The Lycians, an ancient people who inhabited the area between present day Antalya and Fethiye lived with their dead nearby. They believed the dead were carried away by angels to the afterlife. The lofty position of the tombs gave the angels easy access.
A sheltered lagoon alongside a lush national park, Oludeniz is the perfect setting for an easygoing day at the beach. The popular beach town is ten minutes in the opposite direction of Fethiye from Ovacik on a dolmus. We visited Oludeniz to enjoy the beach and the stunning views of paragliders soaring above the turquoise lagoon. There are a lot of restaurants and bars adjacent to the lagoon. We found most to be overpriced for what was offered so we ate out mostly in Fethiye. The top things to do in Oludeniz include tandem paragliding (which we regret not doing!), parasailing, and boat tours along the coast.
When our house sitting job was over we decided we wanted to check out another city in the area. The money we saved on accommodation with housesitting helped us enjoy an extra week on the Turquoise Coast! We headed back past Fethiye to stay in a Mediterranean resort town called Marmaris.
We decided on Marmaris because of the great choice of reasonably priced accommodations. We stayed in the cheapest Airbnb rental of all we had stayed in before! We rented a pristine, spacious one bedroom apartment for $20 USD a night! In addition to great accommodation prices, the seaside city offered a lot of family friendly fun. We spent a lot of time at the beach and along the busy boardwalk. Makai had been wanting to visit a water park for a while and there was a big one right off the boardwalk. Atlantis is the biggest water park in Marmaris. We enjoyed a fun afternoon there swimming, sliding, and taking in the terrific seaside views. You can save 30% on entry fees if you book tickets for the water park in advance online.
Our Airbnb host let us know about a market that happens weekly in town. We love to visit community markets to experience local culture in the places we visit. At the market in Marmaris, we talked with vendors and got to sample produce, olives, and fresh Turkish cheese.
We saw and experienced so much our six weeks in Turkey! House sitting definitely helped us make the most of our time there.
Here is what we spent in Istanbul, Ovacik, Fethiye, Oludeniz, and Marmaris combined.
All prices in USD
Accommodation- $781 (three weeks free with housesitting and three weeks of Airbnb rentals)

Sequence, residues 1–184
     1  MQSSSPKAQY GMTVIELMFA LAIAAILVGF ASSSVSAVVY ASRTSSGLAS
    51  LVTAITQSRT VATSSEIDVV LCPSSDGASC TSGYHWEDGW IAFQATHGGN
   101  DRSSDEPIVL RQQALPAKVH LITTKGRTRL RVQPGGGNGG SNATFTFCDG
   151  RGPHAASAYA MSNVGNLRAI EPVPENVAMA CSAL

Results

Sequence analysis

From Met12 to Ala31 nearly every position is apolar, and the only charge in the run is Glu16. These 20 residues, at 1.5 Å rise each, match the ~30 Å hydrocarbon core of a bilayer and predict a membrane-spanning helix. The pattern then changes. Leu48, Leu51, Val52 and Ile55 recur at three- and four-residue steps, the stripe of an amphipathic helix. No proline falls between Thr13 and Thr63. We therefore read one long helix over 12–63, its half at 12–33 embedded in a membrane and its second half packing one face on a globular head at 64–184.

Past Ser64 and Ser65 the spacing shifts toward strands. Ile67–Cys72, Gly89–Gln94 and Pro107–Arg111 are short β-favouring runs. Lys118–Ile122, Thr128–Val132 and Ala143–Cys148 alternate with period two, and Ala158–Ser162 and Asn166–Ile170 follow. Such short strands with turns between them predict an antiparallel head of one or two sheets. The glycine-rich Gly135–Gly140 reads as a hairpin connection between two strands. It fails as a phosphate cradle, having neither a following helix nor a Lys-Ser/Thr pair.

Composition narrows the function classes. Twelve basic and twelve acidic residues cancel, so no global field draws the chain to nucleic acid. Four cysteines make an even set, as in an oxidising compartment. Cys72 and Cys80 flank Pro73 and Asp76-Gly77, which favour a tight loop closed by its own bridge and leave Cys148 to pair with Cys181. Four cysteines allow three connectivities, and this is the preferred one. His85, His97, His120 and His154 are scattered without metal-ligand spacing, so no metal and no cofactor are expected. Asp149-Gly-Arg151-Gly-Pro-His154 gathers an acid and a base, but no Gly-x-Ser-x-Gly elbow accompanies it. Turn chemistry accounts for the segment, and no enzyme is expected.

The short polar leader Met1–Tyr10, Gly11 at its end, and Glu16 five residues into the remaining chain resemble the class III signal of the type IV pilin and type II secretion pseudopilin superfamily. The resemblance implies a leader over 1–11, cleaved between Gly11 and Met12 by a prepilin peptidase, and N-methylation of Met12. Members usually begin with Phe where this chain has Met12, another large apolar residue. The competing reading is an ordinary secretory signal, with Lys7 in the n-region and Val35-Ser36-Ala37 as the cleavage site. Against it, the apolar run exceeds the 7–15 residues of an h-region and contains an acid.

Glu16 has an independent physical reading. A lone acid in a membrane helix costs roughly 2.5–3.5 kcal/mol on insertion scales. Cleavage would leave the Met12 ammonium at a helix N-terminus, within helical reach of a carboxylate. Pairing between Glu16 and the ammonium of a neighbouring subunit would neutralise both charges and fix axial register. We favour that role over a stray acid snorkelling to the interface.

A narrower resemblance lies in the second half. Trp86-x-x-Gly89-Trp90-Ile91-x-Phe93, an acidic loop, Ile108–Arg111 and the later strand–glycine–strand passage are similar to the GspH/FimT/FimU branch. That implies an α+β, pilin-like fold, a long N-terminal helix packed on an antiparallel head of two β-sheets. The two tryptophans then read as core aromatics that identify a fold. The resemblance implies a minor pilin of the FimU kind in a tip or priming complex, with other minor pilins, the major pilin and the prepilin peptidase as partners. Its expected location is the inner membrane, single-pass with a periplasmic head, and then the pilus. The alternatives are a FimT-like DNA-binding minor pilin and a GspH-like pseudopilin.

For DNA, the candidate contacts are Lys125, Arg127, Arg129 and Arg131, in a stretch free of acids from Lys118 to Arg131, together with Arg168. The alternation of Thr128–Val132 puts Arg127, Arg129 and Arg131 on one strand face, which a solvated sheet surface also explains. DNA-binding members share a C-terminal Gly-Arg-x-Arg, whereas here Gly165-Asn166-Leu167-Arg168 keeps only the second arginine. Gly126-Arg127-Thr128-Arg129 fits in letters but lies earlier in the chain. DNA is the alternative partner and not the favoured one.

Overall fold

Utility costs- $0.00 (free housesitting and included in the cost of our rentals)
Groceries (including beer and wine) – $841
Shopping in stores chicken was cheap ($2 USD per pound), beef was expensive ($7 USD per pound), and pork was very expensive and hard to find. Most fruit and vegetables were cheap, strawberries were $0.70 a pound! Produce was even cheaper at markets and from street vendors. Beer and wine were also more expensive, $2 USD for a 0.5 L bottle of beer and $9 USD for a bottle of wine on average.
Restaurants and entertainment- $265 (including entry fees to attractions)
Transportation- $290 (excluding flights)
Internet\Wi Fi\ phone- $16
The bottom line on living costs Turkey
Six weeks in Turkey cost us $2219 USD total (excluding flights). That’s $52.83 a day for a family of three!
Istanbul is cheap to visit and if you rent accommodation with a kitchen you can save even more. Buying food at the markets and from street vendors was very inexpensive for most things so we saved money cooking some meals at home. Staying on the Asian side (close to the Bosphorus) was considerably cheaper than accommodation prices on the European side as well. Airbnb apartment rentals we looked at with the same size and amenities were 25%-50% cheaper on the Asian side.
Initially, we approached visiting Turkey as a stop over to avoid visa issues. Our trip there ended up being so much more than that because of housesitting.
A housesitting assignment inspired us to check out a truly stunning part of Turkey we wouldn’t have considered visiting otherwise. It helped us to see and do so much more in Turkey. The Turquoise Coast is a popular destination for tourists and expats alike. Housesitting helped us see the coast from both perspectives, as tourists living in a local community. Experiencing destinations from a local perspective is our favorite way to travel. Housesitting helps us do that and saves us so much money in the process.
Do you need some travel inspiration? Maybe you want to retire somewhere warmer or make a lifestyle change to live well for less money. Joining a housesitting platform can deliver new travel ideas into your inbox. Additionally, housesitting is a great way to insert yourself into local life in a destination to make sure a move is right for you.